Ranking Which New NFL Head Coaches Are Best Positioned to Succeed This Fall
A head coach taking over a new franchise is difficult under normal circumstances. With everything going on right now, ranging from pandemic precautions to shortened preparation time, the task could be nearly impossible in 2020.
Five franchises—the Carolina Panthers, Cleveland Browns, Dallas Cowboys, New York Giants and Washington Football Team—feature newly appointed head coaches, and they're not all working from the same starting point, though the deck may be stacked against all five.
Rhule has the least amount of NFL experience among the group, but he succinctly described to Sports Illustrated's Albert Breer the issues each new coach faces thanks to a truncated practice schedule without the benefit of rookie camps, organized team activities or minicamps:
"The hard things, you can identify them right away. We go out to the practice field and things as simple as, 'Hey, here's how we want to warm up.'; 'Hey, here's where I want you guys to stand'; 'Here's how we do this drill.' We're going through all that now—six weeks before the first game. That's crazy. Those are things normally we would've done in May, and by now we'd have a really good feel for how we'd use our players, because we'd have worked with them.
"We're sitting here in August and I still haven't a full-sheet drill with anybody on our defense or offense yet. That part is gonna be hard. Evaluating your roster, not just on who makes your roster but how to use them is gonna be really hard. That part's legitimately a challenge."
Even so, each coach's experience level, support staff and levels of roster construction differ, which means two of the five are in a better position to put together a winning season this fall.
5. Matt Rhule, Carolina Panthers
Matt Rhule could be the next great NFL head coach who primarily cut his teeth at the collegiate level. Or, he could be another bust among those who were once considered the next hot coaching prospect.
His first season with the Carolina Panthers likely won't be much of an indicator regarding which direction he'll eventually go, and he's basically admitted as much.
"The ethos of the Carolina Panthers will be built now," Rhule told Sports Illustrated's Albert Breer. "This is an opportunity for us to completely define who we are and how we do things. … So my challenge to our coaches is, This is really challenging, make this your best coaching job."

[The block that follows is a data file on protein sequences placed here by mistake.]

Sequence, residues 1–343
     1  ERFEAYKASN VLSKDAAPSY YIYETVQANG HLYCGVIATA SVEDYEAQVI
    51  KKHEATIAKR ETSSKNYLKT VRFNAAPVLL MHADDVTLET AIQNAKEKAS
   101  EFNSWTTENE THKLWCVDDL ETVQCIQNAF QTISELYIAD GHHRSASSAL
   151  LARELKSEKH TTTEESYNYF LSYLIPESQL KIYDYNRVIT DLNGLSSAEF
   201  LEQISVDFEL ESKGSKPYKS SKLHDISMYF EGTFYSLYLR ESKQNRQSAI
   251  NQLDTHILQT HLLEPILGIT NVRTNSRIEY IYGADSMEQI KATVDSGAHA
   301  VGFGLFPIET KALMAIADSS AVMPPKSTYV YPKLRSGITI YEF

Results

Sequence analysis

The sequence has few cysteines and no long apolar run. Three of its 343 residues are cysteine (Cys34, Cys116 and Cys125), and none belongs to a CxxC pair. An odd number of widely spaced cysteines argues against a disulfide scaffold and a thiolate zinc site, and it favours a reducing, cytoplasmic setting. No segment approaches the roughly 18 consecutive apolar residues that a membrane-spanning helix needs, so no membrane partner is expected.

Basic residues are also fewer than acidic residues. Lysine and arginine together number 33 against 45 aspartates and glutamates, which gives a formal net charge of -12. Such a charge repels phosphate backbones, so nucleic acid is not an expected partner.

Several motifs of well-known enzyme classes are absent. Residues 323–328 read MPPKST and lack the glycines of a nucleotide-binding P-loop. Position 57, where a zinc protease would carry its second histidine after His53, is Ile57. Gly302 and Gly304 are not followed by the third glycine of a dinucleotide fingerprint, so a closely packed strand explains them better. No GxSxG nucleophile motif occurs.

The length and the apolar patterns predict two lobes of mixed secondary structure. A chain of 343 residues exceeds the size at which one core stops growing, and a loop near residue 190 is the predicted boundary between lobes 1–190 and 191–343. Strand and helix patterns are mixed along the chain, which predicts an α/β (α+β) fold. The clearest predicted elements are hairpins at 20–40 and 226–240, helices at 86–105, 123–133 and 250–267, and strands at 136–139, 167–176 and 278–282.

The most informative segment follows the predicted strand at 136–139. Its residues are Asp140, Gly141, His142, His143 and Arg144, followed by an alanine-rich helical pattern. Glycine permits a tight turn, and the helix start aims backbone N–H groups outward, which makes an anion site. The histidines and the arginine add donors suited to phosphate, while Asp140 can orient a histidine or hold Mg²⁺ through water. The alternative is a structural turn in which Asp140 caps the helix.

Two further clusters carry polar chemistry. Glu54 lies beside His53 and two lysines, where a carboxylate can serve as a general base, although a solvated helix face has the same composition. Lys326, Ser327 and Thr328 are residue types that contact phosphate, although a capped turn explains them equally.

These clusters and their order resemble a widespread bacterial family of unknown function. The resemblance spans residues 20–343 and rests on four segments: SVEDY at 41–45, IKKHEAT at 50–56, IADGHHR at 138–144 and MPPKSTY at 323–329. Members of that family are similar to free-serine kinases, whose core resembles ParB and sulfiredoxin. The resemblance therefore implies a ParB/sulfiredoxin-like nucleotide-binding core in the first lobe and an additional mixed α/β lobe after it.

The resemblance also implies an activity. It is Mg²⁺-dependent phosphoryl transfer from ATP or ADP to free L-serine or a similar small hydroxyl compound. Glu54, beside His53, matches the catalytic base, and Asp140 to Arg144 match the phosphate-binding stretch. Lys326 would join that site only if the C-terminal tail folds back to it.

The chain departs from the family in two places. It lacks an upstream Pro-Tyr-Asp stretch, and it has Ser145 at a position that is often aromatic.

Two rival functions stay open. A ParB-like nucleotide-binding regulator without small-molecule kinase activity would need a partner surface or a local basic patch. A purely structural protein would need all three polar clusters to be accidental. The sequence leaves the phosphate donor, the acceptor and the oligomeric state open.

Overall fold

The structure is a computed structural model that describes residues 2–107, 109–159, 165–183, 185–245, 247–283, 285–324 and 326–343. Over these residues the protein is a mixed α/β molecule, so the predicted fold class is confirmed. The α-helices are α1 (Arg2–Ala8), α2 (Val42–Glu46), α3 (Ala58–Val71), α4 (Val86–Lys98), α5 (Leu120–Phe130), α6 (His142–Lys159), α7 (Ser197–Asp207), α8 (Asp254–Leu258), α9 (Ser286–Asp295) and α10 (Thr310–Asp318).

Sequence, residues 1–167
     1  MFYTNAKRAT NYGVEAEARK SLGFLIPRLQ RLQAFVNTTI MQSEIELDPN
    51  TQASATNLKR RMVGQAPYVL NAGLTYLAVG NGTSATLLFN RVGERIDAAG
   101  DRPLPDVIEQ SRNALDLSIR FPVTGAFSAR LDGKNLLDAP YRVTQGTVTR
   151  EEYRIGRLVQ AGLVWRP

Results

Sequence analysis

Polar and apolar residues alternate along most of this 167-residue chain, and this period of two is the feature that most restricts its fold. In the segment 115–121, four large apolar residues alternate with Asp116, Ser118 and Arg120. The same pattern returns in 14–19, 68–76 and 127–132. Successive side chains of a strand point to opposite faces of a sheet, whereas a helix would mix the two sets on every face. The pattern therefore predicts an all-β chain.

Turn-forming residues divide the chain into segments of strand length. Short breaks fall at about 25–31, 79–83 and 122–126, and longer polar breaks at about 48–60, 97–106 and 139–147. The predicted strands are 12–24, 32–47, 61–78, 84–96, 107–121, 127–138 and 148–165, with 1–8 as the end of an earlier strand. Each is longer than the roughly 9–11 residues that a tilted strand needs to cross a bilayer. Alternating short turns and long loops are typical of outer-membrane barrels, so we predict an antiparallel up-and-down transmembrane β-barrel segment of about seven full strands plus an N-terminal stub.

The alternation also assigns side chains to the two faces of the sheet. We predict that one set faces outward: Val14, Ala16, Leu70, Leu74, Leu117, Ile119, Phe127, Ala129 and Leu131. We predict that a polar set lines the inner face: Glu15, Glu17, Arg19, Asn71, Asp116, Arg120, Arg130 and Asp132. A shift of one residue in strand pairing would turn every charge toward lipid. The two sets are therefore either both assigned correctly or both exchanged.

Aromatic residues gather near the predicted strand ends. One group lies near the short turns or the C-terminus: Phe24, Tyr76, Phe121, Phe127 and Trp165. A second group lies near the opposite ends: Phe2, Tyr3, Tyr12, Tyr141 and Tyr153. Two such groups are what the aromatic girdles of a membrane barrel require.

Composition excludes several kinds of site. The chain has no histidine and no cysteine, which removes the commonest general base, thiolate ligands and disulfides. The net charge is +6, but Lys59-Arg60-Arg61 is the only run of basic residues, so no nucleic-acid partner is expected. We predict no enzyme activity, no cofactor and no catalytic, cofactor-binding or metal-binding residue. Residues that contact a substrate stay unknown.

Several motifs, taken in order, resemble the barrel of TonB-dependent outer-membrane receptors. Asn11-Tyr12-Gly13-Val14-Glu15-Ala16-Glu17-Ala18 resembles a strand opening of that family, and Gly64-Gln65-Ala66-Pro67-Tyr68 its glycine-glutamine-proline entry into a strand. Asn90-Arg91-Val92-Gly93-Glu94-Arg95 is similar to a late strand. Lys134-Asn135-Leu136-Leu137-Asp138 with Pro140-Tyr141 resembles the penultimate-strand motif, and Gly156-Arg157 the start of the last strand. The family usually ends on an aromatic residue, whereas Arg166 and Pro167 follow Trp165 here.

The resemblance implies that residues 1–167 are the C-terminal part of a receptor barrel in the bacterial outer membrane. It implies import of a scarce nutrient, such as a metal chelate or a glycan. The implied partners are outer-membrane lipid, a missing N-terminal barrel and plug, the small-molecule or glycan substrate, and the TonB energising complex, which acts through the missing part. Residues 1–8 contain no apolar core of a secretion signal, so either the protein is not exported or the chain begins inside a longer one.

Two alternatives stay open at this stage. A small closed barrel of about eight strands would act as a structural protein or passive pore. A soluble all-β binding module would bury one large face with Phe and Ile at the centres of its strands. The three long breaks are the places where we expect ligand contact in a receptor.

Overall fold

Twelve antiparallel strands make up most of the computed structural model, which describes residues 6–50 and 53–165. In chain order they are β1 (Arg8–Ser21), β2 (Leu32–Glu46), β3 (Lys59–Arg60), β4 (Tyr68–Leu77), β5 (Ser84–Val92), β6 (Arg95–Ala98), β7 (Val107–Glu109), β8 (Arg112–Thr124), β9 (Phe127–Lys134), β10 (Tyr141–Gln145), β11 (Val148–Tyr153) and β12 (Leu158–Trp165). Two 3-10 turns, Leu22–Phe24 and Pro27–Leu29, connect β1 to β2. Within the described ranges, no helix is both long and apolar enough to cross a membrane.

The coach added, "Right now, it's hard. Let's find a way to get it done."
Expectations are built during the first year a group is together. Rhule has a reputation as a program-builder, but his tenures with the Temple Owls and Baylor Bears saw him combine for a 3-21 record during his initial campaigns.
The inexperience found throughout his staff and roster will make things even more difficult with Carolina.
Offensive coordinator Joe Brady and defensive coordinator Phil Snow have never called plays at the NFL level. Furthermore, the team has a new starting quarterback in Teddy Bridgewater, traded away its best offensive lineman in Trai Turner, cut tight end Greg Olsen, lost All-Pro linebacker Luke Kuechly to retirement and will feature a very young defense.
Panthers faithful should be prepared for a long season as the coaching staff figures out exactly what the team is going to look like under Rhule's supervision.
4. Ron Rivera, Washington Football Team
Ron Rivera took on more than he could have possibly expected when he became the new head coach of the Washington Football Team.
The organization is mired in controversy, starting with a toxic culture that allowed for rampant sexual harassment and desperately needs to be changed and the continued drama around the team's naming rights.
Rivera is now the face of the organization, and his vision will drive the entire franchise.
"[Owner] Dan Snyder brought me here to change culture and create an environment of inclusion among employees," the head coach told reporters last month. "I believe that everyone that works for this franchise has a vested interest in our success."
Everything circulating around the team could be difficult to handle.
That said, Rivera brought over a wealth of experience in his transition from the Carolina Panthers with a group of veteran coaches and front office personnel who are now taking over parts of the football operations: Rob Rogers as senior vice president of football administration, Eric Stokes as director of pro scouting and Don Warren as senior pro scout.
Rivera has a history of success as a two-time Associated Press NFL Coach of the Year who made four playoff appearances and even earned a spot in Super Bowl 50 during his time in Carolina.
However, inconsistencies through nine seasons eventually led to his dismissal, and Washington is far from a stacked roster. Significant question marks exist at quarterback, tight end, left tackle and wide receiver.
3. Joe Judge, New York Giants
Joe Judge's hire by the New York Giants was the most nondescript move among the incoming crop of new head coaches. The former New England Patriots special teams coordinator certainly wasn't considered one of the top available candidates, but he impressed during the interview process and earned the job.